Improving the code speed by employing parallelism for asynchronous task

I was trying to employ parallelism to improve the speed of the code using multi-threading. However, I noticed that I get wrong answer using multi-threading. The reason for that is my code update a value in a for loop consequently. For clarification, I posted the code below:

val=1
@inbounds for iter2 = 1:length(E)

        nd = unique(ar[E[iter2]])

        fd_flag = flag[nd]

        node = nd[.!fd_flag]

        if length(node) > 0

            sm_mat = view(SV, node, :)

            R = kmeans(sm_mat', 2);

            idx_clus = R.assignments

            idx_new[node] = idx_clus .+ val;

            flag[node] .= 1

            val = val + maximum(idx_clus);

        end # end of if
    end # end iof iter2

I am updating “val” in each iteration with respect to its previous value and by applying multi-threading, I don’t get the correct result. Is there any way to apply any kind of parallelism to improve the speed. This is the bottle neck of my code and because it goes for a large number of iterations, it make the code slow.
Minor question: Is there any other way to make K-mean faster?

First, it is always better if you post a code that can be actually run.

What you can do is to define an array that will contain the result of the sum performed in each thread. Something as this:

julia> nthreads = Threads.nthreads()
4

julia> val_thread = zeros(nthreads)
4-element Array{Float64,1}:
 0.0
 0.0
 0.0
 0.0

julia> x = rand(1000);

julia> Threads.@threads for i in 1:length(x)
          id = Threads.threadid()
          val_thread[id] = val_thread[id] + x[i] # whatever
       end

julia> sum(val_thread)
500.0066319867228

julia> sum(x)
500.0066319867229

There is a slight difference from what I am doing with what your code does. I use those middle values to update another variable:

global idx_new[node] = idx_clus .+ val;

Here is a code sample that can be executed:

ar = [[1,2,3,4,5], [2,3,4,5,6,7,8], [4,7,8,9], [9,10], [2,3,4,5]]

SV = rand(10,5)

flag = falses(10)

idx_new = zeros(Int, 10)

val=1

@inbounds Threads.@threads for iter2 = 1:5

      global flag

      nd = unique(ar[iter2])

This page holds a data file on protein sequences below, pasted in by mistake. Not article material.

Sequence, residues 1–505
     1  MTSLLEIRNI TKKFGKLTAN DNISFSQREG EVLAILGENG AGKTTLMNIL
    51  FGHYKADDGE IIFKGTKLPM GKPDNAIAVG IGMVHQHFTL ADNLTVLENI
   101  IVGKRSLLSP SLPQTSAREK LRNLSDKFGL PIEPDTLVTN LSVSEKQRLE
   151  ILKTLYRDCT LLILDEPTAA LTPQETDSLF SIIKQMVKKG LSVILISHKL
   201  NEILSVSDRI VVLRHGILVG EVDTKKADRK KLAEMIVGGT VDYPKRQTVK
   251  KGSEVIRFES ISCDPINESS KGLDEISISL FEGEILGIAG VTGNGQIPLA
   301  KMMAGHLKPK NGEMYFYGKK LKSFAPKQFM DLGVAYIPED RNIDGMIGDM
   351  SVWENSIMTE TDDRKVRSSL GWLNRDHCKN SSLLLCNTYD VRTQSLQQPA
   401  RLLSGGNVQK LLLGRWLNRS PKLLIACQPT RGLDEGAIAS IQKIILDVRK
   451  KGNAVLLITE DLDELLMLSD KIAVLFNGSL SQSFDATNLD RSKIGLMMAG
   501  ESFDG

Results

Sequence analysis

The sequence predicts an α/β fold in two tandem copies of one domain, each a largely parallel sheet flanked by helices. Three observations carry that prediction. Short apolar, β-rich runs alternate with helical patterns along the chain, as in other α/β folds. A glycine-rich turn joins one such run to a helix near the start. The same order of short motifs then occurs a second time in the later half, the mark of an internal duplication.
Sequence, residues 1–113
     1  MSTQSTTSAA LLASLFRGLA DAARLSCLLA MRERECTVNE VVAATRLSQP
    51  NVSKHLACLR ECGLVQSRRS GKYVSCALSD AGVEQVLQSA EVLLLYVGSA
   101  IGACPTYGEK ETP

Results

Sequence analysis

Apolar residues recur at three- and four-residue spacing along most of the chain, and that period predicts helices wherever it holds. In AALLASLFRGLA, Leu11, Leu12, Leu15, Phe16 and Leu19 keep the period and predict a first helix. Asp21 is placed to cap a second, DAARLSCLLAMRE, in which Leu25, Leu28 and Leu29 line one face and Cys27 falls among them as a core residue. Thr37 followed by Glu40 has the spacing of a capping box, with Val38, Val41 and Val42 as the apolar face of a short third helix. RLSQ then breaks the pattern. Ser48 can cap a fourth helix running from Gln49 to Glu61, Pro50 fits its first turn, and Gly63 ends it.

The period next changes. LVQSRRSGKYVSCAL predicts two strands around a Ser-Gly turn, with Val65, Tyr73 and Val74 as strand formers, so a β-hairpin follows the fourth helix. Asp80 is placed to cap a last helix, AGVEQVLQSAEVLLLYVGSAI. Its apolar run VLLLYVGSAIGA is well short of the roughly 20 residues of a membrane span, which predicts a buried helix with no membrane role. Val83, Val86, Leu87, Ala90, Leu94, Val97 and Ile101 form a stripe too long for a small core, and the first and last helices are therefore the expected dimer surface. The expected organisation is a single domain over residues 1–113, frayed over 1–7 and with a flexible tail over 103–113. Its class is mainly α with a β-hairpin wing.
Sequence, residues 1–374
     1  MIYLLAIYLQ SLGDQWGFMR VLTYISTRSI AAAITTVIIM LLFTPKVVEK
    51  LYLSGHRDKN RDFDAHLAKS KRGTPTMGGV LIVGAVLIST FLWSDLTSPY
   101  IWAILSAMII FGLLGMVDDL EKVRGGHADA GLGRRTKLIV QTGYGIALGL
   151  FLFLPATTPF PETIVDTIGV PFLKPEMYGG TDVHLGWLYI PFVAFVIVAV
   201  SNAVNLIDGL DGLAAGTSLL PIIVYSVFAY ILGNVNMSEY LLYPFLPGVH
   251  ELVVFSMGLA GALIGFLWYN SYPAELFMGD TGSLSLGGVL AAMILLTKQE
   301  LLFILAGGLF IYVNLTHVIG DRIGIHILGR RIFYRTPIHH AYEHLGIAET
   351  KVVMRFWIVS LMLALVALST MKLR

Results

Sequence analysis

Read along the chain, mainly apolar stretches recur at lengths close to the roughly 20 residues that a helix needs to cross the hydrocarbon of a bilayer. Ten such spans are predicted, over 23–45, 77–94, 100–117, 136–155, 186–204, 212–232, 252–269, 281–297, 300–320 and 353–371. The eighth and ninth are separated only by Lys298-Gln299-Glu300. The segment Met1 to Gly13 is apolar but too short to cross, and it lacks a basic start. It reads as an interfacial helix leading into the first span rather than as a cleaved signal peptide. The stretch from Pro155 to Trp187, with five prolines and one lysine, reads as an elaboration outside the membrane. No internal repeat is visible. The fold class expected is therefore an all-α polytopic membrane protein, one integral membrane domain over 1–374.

fd_flag = flag[nd]

      node = nd[.!fd_flag]

      if length(node) > 0

          sm_mat = view(SV, node, :)

          R = kmeans(sm_mat', ceil(Int, length(node)/2))

          idx_clus = R.assignments

          global idx_new[node] = idx_clus .+ val;

          flag[node] .= 1

          global val = val + maximum(idx_clus);

      end # end of if

  end # end iof iter2

If you remove Threads.@threads, then you will get a different value for the val at the end.

I still cannot run your example, where the kmeans function is defined?

Also, I do not see where the idx_new vector is being used in the loop. It seems that it is just another variable that could be updated at the end.

Minor comments: you must avoid using global variables. It is best to wrap everything inside a function or at least add let ... end around everything and remove those global… statements. This may accelerate things, although I imagine that the costly part is inside the kmeans functions. Additionally, I would recommend removing the @inbounds at this point of the development stage. That kind of flag, if it makes any significant difference (not always it does), should be added when the code is running flawlessly, otherwise you will only miss the opportunity to find bugs.

I believe that you should be able to run the code by adding this:

using Clustering 

you can see that idx_new will be updated during this code which I need it for using some other functions. Yes, I don’t use global variables at all. I just put them here to make this small example executable. I keep that in mind for using @inbounds as well.

This sounds like parallelism is not possible since the next computation depends on the previous one. In general, for adding in a thread safe way take a look at